Truck day and notes
By Shannon Drayer
It’s moving day for the Mariners. The truck has been loaded up and is on its way to Peoria as the Mariners move their operations south for the next two months. Bat bags, uniforms, training equipment, office equipment, suitcases and tubs of things needed to set up temporary households were all stacked up in the clubhouse over the weekend and carted out this morning. Pitchers and catchers report in eight days and the spring training facility will be ready.
Of course, many of the players are already down there. Some spend their winters near the spring training complex; others report a few weeks early to start working out. For a good number of them it is back to work weeks before the reporting date.
Not a ton to talk about with the Mariners beyond the trunks and tricycles. No, that is not training equipment. It is not unusual to see outdoor toys or cribs or strollers or car seats in the pile of things that are to be transported. All necessary if you are making the move with kids as many do.
What we don’t see in the pictures is the equipment bag of a fifth starter. With eight days to go until pitchers and catchers report we still have not seen an established pitcher added to the roster. That is not to say that something still couldn’t happen. Earlier today we saw a major trade with Jed Lowrie heading to the A’s.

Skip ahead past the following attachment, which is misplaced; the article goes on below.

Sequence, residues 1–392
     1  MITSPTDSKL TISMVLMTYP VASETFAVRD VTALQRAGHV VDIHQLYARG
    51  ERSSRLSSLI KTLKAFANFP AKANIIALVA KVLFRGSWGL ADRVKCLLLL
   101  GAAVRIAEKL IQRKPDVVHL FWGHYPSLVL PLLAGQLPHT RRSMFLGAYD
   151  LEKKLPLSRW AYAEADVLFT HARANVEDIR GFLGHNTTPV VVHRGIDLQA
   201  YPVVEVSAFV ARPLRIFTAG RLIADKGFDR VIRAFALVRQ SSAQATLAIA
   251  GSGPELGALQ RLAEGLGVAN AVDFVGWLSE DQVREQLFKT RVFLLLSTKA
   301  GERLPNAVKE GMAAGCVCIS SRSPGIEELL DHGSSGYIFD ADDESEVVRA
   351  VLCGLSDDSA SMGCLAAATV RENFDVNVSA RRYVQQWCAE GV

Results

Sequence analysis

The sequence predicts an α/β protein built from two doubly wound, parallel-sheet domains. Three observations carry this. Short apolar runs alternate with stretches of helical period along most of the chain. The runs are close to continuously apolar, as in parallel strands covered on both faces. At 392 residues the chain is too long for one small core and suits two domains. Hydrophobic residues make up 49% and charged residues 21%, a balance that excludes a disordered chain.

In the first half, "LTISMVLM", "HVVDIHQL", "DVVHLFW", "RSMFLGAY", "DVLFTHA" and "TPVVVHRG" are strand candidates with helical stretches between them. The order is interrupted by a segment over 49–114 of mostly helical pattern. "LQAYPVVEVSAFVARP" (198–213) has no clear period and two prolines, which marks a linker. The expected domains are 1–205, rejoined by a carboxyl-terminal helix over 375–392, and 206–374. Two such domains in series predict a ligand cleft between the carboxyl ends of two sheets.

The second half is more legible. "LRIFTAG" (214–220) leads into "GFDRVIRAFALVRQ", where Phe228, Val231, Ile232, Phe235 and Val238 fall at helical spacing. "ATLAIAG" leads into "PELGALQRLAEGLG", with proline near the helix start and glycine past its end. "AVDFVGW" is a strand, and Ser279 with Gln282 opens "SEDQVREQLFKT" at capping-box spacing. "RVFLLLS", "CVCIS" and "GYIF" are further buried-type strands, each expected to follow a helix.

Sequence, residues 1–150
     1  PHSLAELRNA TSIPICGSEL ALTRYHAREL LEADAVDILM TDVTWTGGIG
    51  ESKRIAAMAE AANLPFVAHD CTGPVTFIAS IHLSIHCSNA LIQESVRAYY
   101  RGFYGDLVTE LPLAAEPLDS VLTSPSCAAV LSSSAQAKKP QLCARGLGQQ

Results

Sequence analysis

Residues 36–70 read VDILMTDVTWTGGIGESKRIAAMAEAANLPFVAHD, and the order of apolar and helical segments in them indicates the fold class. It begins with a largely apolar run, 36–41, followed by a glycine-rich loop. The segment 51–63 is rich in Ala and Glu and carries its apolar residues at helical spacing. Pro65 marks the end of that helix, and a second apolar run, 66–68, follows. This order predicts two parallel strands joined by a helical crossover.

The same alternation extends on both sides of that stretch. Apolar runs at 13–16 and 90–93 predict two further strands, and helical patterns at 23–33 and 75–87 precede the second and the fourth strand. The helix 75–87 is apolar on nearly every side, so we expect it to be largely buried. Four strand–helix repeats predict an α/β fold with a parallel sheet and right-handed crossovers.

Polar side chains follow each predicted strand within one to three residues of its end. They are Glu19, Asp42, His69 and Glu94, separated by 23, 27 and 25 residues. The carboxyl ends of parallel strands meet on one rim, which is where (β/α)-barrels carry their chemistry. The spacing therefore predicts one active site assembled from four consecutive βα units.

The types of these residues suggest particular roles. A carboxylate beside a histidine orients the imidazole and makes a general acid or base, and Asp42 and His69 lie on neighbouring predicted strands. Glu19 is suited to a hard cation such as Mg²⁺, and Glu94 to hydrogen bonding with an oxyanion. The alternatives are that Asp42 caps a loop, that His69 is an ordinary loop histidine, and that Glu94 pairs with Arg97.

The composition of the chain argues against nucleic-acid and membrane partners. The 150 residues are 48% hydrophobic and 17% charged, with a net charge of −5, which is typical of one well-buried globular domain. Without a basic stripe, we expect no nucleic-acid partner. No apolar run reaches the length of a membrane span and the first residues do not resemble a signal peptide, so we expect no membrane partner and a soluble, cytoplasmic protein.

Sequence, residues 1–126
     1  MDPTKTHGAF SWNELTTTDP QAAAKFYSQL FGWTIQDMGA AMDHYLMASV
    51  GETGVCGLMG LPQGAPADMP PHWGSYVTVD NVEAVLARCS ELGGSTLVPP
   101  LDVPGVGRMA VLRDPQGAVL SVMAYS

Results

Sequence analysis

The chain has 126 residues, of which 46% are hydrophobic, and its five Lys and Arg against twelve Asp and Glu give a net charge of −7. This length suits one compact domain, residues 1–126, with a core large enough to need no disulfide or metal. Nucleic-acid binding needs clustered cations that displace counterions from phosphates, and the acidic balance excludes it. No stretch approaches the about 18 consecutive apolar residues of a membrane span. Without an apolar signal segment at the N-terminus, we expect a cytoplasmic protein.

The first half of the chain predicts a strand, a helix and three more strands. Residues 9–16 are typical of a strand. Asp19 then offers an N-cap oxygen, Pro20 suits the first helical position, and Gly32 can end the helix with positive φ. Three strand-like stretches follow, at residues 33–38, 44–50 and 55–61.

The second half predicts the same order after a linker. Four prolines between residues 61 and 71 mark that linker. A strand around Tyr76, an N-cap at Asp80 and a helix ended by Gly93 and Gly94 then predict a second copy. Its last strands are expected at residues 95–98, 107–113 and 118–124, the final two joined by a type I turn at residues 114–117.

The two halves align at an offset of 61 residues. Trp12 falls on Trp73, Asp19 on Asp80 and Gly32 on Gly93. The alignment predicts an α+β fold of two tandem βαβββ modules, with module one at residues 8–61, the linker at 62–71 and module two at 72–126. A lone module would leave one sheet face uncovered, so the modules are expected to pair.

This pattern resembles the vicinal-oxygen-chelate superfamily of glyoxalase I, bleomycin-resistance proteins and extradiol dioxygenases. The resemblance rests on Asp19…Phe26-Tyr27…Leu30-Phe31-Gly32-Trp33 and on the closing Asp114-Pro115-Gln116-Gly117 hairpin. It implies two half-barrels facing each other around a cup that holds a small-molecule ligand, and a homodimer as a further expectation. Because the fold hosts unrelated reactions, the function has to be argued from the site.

Not an option, not that I suspected it ever was, is Kevin Millwood, who announced his retirement to the Shelby Star of Cleveland County N.C. over the weekend. At the end of last season Millwood seemed to be saying his goodbyes to baseball. A 16-year career came to an end in a Mariners uniform, which for him was probably not a bad deal as he was able to be a part of a no-hitter as well as throw a good number of quality innings for the team. He will be missed, probably most by Eric Wedge, who he helped greatly, and Blake Beavan, who he mentored.
One last note I am happy to pass on: I received word that the Hutch Lunch raised a record $485,000 for early cancer detection research at the Fred Hutchinson Cancer Research Center. I wrote about the event last week and noted that Hutch Award winner Barry Zito seemed genuinely moved by the experience of touring the research labs and that he vowed that the Hutch would be a cause that he would be involved with from that day forward.
Well, he lived up to his words as I am told that he and his wife Amber donated $50,000 shortly after the event. Always good to see athletes doing good and great to see the Hutch inspire this.